However, the father general, Francis Borgia — not one of the more infamous and corrupt Borgia family — sent him to the Louvain in Belgium to complete his studies. Borgia sent him there to counteract the many heresies and controversies propagated by the Protestants.
Bellarmine stayed there for seven years, once again drawing crowds despite his plain appearance and short stature. His heart burned within him during his sermons so that his face glowed with the joy of the Holy Spirit.
After his Ordination in 1570, he became a professor at the University of Louvain, lecturing on the writings of St. Thomas Aquinas. These lectures on the Summa Theologiae became the channel by which the Truth of the Church was taught and errors refuted.
His zeal led him to teach himself Hebrew in order to better study Holy Scripture. Thus he also became an expert on the Bible as well as on the Fathers of the Church. A side benefit of this study was that Robert published a Hebrew grammar book, which became widely popular.
Again his health broke down. He traveled to Italy where St. Charles Borromeo sought to get him assigned to Milan, but to no avail. Robert ended up at the chair of controversial theology at the Roman College. While there, he wrote his unequaled Disputations on the Controversies, refuting the claims of the Protestants that they were the true Church established by Christ.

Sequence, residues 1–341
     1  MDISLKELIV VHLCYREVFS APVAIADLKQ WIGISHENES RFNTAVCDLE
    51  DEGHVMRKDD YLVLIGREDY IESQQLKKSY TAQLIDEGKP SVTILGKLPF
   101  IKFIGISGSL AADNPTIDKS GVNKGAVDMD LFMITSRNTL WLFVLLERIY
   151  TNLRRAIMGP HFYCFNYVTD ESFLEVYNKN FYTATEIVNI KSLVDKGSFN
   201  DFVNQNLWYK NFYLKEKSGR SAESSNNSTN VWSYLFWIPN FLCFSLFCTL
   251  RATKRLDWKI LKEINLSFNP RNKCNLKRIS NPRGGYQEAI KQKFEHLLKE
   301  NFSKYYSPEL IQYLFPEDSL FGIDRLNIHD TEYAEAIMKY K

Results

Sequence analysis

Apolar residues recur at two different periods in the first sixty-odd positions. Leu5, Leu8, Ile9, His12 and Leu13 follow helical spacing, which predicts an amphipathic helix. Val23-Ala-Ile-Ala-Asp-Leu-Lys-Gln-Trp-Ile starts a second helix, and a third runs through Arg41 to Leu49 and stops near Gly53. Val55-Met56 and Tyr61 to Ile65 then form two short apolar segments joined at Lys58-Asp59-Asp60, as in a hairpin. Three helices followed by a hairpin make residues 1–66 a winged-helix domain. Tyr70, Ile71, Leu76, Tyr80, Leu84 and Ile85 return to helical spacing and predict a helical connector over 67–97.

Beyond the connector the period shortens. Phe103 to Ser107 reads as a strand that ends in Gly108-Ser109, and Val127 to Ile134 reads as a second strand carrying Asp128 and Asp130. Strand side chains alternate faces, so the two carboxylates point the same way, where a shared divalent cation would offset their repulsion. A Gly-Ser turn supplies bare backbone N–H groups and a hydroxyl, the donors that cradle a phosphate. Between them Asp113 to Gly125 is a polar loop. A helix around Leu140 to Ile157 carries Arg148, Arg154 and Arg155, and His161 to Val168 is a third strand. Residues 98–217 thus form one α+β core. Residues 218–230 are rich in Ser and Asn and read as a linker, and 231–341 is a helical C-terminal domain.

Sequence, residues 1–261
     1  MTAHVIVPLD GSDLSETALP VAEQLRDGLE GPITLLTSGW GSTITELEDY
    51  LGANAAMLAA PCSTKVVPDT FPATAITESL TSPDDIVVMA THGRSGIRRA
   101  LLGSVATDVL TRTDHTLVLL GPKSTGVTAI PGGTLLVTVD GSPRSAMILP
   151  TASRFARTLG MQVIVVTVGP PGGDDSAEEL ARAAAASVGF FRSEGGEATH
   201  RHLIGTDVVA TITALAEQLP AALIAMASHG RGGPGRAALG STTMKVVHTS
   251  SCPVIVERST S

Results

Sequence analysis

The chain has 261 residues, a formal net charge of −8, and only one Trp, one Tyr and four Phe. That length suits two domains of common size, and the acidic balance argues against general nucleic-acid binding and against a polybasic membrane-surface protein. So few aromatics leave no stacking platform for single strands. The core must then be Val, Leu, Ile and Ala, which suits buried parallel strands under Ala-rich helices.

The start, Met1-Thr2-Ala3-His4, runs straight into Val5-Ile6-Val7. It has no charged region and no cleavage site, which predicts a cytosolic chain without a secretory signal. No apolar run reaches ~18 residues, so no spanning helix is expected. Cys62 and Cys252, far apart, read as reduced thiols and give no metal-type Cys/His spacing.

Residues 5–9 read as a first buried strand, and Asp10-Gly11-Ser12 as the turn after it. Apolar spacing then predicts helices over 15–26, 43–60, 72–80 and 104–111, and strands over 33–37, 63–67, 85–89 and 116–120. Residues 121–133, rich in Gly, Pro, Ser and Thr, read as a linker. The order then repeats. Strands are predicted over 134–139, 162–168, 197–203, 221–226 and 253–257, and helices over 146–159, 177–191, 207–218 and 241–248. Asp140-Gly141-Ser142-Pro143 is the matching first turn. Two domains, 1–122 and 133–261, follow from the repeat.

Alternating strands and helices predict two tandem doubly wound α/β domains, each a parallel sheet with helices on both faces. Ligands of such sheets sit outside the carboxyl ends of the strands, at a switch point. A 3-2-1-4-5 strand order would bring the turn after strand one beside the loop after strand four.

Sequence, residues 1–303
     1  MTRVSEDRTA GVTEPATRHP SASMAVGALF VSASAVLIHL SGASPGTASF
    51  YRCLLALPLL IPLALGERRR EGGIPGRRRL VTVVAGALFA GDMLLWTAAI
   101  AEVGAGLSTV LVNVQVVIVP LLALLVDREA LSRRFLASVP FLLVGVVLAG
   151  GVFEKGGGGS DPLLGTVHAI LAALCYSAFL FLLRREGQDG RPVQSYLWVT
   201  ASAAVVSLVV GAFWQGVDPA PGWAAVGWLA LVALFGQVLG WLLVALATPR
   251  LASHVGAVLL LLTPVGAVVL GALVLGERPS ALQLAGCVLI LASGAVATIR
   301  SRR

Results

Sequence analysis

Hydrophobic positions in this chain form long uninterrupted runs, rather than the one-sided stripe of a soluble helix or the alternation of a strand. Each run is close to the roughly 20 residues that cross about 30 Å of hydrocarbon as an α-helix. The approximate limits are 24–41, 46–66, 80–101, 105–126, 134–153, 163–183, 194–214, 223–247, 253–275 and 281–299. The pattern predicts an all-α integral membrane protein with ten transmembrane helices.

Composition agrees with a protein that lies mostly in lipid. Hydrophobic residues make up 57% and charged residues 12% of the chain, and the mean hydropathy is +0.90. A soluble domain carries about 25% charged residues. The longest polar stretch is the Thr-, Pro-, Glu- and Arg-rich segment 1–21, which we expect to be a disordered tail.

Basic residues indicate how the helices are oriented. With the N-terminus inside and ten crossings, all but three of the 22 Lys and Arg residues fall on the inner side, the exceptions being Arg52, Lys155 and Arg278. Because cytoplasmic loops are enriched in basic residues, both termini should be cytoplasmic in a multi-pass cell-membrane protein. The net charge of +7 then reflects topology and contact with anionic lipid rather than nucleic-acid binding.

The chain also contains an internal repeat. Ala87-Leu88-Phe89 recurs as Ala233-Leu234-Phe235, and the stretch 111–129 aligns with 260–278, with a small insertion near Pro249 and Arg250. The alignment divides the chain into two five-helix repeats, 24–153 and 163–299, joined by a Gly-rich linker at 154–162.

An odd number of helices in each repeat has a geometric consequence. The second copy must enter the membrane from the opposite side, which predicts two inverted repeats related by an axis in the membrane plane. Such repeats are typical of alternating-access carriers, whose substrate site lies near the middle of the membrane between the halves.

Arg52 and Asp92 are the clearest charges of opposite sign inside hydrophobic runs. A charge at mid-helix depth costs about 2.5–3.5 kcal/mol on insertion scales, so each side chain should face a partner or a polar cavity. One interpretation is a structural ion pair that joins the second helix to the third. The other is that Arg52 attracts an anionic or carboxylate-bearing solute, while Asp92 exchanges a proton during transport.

The four volumes were so thorough with such a grasp of Scripture, dogmatic teachings of the Church, and the writings of the Church Fathers that the Protestants insisted that not one man, but many Jesuits, cooperated to write them. Their demand, even in England where they were forbidden, continued for centuries and hold great importance even to this day.
In 1589, he went to France under obedience to arbitrate between Henry of Navarre and the Catholic League. The mission failed, but Robert learned much of suffering. He returned to Rome at the death of Pope Sixtus V. The new Pope, Clement VIII, assigned him to prepare the Latin Vulgate for publication as a follow-up to the Council of Trent.
While working in Rome he provided spiritual direction to the youthful St. Aloysius Gonzaga, requesting that when he died he wanted to lie at the feet of Aloysius, who died very young. Then, in 1592, he became rector of the Roman College. Two years later he was made provincial of Naples before returning to Rome to become a theological adviser to the Pope.